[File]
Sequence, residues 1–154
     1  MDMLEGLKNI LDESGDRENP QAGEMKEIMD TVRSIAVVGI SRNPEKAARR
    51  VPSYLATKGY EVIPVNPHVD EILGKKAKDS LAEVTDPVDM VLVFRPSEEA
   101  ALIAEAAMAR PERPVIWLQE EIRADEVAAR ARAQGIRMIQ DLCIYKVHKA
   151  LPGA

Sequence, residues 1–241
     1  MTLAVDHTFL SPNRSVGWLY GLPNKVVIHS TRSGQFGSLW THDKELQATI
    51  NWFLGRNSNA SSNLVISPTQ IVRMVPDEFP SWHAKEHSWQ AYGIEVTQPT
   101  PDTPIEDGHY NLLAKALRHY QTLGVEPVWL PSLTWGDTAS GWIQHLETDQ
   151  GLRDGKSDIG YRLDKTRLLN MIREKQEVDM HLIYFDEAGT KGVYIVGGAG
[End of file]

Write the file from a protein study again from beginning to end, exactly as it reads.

Sequence, residues 1–154
     1  MDMLEGLKNI LDESGDRENP QAGEMKEIMD TVRSIAVVGI SRNPEKAARR
    51  VPSYLATKGY EVIPVNPHVD EILGKKAKDS LAEVTDPVDM VLVFRPSEEA
   101  ALIAEAAMAR PERPVIWLQE EIRADEVAAR ARAQGIRMIQ DLCIYKVHKA
   151  LPGA

Sequence, residues 1–241
     1  MTLAVDHTFL SPNRSVGWLY GLPNKVVIHS TRSGQFGSLW THDKELQATI
    51  NWFLGRNSNA SSNLVISPTQ IVRMVPDEFP SWHAKEHSWQ AYGIEVTQPT
   101  PDTPIEDGHY NLLAKALRHY QTLGVEPVWL PSLTWGDTAS GWIQHLETDQ
   151  GLRDGKSDIG YRLDKTRLLN MIREKQEVDM HLIYFDEAGT KGVYIVGGAG